Considerations in finding a position in South Korea:
1. Location: I’ve been having difficulties deciding what would be the best city for me in South Korea. Seoul is, to use the city’s catchphrase, ‘the soul of korea,’ but it also sounds like it’s turned into a western hub, and sooner or later I’ll miss nature, especially the ocean. Therefore, I’ve opted for Busan or another coastal city, although I worry Busan will be a foreign filled, booze infused, party centre. I even considered Jeju Island, but being 11 hours from shore by boat, even with my misanthropic tendencies may have me craving some pointless drunken talk about being a foreigner in another country. All I want is another Hangzhou, that was the perfect city, good size, good expat community, it had everything, range of restaurants, pubs, clubs, nature, cultural sites, even cheese if you were desperate, and didn’t feel too overwhelming or constraining in size.
You never know…
What you’re in for…
2. Salary: Since this is my main reason for going to south Korea, the mega dough they promise, and how this is a better option for me then living at home working at a shitty restaurant and turning into Norma Bates. I’m hoping for 2.3M+, but this may be aiming a bit high, but they seem so desperate, right?
3. All the BS just to apply: police report, university transcripts, passport (obvs, but mine was stolen, so another pain) then once you get these documents you must send them to the consulate to get them notarized, then you need to have a contract sent to you, sign this and send all your documents to Korea, then once you get them back, maybe, you can go, is that it, I guess it’s not too bad, but more involved then China for sure, although I did have trouble getting to China, but that was because I was trying to apply for my visa from Turkey, which overcomplicated matters, but they don’t need degrees and shit, just a young and willing English speaker to bring into their dragon den.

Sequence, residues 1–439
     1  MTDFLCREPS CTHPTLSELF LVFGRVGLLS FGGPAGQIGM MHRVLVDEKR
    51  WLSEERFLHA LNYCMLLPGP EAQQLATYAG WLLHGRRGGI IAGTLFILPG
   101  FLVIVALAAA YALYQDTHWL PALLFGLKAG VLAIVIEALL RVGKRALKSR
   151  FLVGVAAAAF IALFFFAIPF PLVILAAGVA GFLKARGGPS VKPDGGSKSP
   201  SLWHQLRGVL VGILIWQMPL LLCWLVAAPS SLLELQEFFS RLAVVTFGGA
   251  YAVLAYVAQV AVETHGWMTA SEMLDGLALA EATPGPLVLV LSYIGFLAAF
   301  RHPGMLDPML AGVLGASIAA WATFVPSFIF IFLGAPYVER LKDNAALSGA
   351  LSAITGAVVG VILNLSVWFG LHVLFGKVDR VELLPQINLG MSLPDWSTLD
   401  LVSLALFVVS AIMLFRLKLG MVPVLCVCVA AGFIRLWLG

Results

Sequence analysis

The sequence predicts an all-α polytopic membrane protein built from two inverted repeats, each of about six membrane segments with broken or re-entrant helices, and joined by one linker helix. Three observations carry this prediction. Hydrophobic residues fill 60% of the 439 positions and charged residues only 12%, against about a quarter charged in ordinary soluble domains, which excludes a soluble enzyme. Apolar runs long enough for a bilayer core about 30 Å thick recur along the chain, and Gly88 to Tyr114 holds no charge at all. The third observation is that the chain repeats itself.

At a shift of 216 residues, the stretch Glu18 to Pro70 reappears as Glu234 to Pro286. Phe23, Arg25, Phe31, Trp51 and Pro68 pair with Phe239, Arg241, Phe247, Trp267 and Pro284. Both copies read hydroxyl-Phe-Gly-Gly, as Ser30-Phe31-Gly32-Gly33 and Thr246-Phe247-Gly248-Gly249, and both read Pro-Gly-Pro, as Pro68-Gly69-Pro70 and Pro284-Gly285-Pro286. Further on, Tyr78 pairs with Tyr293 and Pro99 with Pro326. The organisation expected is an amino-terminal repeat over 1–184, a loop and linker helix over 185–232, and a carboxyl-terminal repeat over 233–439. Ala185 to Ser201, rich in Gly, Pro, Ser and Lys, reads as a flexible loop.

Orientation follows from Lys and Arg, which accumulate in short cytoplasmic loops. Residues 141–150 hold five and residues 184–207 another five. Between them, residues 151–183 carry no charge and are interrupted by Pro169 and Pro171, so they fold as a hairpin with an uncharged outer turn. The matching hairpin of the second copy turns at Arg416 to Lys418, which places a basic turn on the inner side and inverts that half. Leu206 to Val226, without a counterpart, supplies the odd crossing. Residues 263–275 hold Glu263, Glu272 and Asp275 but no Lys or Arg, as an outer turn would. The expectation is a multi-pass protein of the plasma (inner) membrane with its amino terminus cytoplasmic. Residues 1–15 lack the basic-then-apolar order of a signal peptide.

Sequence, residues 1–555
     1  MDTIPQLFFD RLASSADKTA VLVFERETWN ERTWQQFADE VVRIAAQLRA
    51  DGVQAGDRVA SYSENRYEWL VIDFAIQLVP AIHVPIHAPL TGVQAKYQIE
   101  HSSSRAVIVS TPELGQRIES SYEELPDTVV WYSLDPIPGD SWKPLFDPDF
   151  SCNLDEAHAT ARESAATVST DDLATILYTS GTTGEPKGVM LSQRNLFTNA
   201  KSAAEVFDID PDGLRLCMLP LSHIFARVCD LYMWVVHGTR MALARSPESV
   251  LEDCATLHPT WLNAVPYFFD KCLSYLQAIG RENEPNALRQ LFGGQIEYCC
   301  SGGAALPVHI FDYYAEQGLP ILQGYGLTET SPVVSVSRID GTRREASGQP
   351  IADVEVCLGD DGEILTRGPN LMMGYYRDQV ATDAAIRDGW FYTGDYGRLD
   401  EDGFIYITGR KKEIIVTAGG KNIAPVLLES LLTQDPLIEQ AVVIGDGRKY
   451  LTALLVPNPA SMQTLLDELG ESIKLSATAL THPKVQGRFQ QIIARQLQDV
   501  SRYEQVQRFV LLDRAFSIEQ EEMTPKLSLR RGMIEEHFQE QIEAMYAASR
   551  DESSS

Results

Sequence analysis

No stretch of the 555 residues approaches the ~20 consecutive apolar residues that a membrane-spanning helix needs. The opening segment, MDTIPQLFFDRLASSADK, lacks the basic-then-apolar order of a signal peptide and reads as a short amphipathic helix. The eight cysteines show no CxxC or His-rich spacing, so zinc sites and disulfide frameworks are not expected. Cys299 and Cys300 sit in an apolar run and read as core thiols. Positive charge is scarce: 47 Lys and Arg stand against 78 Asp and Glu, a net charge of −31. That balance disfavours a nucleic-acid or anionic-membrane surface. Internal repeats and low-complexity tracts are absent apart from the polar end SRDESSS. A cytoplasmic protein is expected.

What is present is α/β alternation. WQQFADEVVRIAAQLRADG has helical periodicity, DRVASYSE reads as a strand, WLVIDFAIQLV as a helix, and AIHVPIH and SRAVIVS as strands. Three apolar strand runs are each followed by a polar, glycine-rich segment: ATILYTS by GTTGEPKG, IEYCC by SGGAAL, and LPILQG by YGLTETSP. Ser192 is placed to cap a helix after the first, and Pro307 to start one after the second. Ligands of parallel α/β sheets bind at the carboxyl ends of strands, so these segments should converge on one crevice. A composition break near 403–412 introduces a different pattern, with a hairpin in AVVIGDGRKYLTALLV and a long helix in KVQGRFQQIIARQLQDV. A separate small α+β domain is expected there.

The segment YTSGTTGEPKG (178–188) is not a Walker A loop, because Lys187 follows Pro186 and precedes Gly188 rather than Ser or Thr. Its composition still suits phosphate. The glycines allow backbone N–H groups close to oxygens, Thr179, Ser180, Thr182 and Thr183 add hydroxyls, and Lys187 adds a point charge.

4. Getting in with a phony, good for nothing school: plenty of horror stories are out there, mostly from private schools, money grabbing, business orientated, repeat of EF Hangzhou, schools forcing their teachers to quit so they don’t have to pay the return flight home, contracts not being fulfilled, lack of resources, schools not completing the visa process and teachers being deported. Research is necessary but not always fruitful.
5. Being Close to a Military Base: where a hate of whitey is an issue, which would be a shock compared with the utter fascination and constant stares experienced in China. If I don’t get complimented on my hair at least five times a day I may get fooled into thinking I look normal.